The Valley Library

The library is a vital resource – use it! Alternative textbooks, journals, and more are housed on the shelves or are available online if you use your ONID account. The reference section is a helpful starting point.

Uta Hussong-Christian ( or 541-737-7278) is the physics specialist at the library and she can help you with information searches.

The SPS room

Textbooks and many other reference books should be available in the SPS room, Weniger 381.

Handbooks (not required)

In the past, most professional physicists have found it useful to have one of the following handbooks available for reference. Many students now find that online resources are sufficient for their undergraduate needs.

  • Tallarida, Pocket Book of Integrals and Mathematical Formulas, 3rd ed., CRC Press, 1999, ISBN 0-8493-00263-3. Inexpensive, but not extensive.
  • Fischbeck & Fischbeck, Formulas Facts and Constants, 2nd ed., Springer-Verlag, 1987, ISBN 0-387-17610-1. Inexpensive, but not terribly extensive math and math-physics, also includes useful physical, chemical and electronic data. Adequate alone for upper-division if supplemented occasionally with other references in SPS. May be out of print.
  • Spiegel, Mathematical Handbook of Formulas and Tables, 2nd ed., Schaum's Outline Series, McGraw-Hill, 1998, ISBN 0-07-038203-4. Inexpensive, but not terribly extensive. Easy to use. Adequate alone for upper-division if supplemented occasionally with other references in SPS.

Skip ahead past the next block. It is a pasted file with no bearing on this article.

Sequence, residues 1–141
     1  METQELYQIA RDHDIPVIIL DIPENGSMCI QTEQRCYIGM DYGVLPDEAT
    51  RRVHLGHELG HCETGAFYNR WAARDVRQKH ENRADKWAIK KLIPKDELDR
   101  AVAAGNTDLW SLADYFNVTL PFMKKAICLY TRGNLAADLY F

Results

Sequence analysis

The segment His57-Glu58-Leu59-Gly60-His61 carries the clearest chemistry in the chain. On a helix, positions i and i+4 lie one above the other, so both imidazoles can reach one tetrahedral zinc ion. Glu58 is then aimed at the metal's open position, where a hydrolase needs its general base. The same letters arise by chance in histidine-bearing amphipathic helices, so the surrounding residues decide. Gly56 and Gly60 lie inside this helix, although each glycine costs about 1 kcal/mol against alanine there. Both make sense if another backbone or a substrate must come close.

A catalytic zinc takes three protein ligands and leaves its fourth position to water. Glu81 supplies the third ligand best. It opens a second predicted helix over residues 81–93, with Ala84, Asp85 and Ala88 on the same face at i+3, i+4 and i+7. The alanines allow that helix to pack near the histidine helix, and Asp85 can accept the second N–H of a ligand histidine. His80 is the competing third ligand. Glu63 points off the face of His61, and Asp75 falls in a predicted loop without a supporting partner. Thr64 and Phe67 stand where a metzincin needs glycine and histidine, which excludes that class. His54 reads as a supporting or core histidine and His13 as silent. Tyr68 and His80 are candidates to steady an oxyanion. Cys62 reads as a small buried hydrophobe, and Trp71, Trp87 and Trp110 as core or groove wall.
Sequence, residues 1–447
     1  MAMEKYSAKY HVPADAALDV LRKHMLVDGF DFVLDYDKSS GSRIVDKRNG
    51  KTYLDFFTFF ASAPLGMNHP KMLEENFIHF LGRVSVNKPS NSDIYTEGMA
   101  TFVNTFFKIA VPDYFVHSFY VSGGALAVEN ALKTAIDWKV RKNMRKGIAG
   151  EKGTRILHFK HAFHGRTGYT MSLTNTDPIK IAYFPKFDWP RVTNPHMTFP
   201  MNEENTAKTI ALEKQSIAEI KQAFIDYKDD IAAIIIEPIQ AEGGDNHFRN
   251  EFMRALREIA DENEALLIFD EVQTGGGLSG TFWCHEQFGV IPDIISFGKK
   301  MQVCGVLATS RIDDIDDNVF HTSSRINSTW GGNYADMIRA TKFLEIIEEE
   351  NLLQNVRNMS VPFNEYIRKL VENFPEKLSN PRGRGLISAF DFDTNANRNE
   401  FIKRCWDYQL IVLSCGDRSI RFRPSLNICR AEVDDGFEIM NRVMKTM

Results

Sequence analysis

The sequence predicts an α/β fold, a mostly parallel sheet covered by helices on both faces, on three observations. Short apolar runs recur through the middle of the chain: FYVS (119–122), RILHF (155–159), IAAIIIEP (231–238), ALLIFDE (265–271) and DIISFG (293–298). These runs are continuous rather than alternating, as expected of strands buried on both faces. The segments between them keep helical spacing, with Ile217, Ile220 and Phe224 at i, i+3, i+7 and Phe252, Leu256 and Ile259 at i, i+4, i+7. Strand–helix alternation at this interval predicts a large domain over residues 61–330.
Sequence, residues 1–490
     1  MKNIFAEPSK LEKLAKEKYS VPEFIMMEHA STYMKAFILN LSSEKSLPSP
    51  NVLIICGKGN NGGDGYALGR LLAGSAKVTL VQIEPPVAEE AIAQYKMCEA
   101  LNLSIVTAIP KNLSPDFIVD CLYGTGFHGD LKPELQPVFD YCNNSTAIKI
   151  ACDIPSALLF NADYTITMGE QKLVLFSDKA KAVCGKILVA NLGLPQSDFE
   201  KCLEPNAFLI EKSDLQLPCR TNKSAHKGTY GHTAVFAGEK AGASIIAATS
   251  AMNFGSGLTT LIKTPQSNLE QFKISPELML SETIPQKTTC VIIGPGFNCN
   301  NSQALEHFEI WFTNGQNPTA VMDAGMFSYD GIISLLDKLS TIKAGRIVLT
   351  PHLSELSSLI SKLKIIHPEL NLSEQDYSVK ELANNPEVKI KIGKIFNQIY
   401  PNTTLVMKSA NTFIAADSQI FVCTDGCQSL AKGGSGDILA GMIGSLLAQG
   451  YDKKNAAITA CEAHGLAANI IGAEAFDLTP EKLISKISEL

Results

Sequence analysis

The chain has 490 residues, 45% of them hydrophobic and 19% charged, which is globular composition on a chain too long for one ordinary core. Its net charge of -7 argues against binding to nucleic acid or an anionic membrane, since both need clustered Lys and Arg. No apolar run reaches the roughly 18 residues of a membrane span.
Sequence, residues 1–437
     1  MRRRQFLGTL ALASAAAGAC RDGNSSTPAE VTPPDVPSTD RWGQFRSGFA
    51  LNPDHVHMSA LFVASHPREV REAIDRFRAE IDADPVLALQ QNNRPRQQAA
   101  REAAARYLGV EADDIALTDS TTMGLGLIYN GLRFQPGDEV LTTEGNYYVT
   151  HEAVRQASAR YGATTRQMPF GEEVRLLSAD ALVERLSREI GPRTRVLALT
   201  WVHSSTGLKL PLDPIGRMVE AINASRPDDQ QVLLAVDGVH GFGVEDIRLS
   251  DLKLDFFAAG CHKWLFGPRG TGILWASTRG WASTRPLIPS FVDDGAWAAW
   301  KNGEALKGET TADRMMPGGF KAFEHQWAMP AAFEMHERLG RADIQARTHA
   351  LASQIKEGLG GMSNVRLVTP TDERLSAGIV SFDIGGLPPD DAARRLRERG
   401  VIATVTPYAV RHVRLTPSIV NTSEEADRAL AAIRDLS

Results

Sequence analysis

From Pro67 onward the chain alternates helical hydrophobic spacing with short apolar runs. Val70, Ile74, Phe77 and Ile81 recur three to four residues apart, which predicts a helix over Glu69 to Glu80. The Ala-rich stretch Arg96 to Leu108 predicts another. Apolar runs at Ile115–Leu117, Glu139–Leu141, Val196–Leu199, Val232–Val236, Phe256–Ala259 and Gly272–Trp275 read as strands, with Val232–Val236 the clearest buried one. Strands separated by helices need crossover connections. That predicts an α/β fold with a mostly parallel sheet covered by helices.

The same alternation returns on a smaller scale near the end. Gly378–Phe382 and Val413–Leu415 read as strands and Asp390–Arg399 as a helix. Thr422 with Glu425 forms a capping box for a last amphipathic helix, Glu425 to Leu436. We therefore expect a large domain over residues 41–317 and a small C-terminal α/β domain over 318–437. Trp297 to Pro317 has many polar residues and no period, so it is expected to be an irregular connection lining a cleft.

• Selby, CRC Standard Mathematical Tables, The Chemical Rubber Company, any recent year, ISBN 0-8493-2479-3 (This is probably the ISBN for 1996.). Most students prefer this one. More expensive than Schaum's, but also somewhat more extensive. Easy to use. Adequate alone for upper-division if supplemented occasionally with other references in SPS.
  • Gradshteyn & Ryzhik, Table of Integrals, Series, and Products, Academic Press, 1965, ISBN 0-12-294750-9. The most extensive set of integral tables. No special functions. Hard to use. Expensive. If you go to graduate school, you will probably want it by then. Also available on a multiplatform CD which is somewhat easier to use and less expensive.
  • Abramowitz & Stegun, Handbook of Mathematical Functions, Dover, 1972, ISBN 0-486-61272-4. The most extensive set of formulas, esp. special functions. No integral tables. Medium difficulty to use. Inexpensive in the Dover edition, expensive in hardcover. If you go to graduate school, you may want it by then.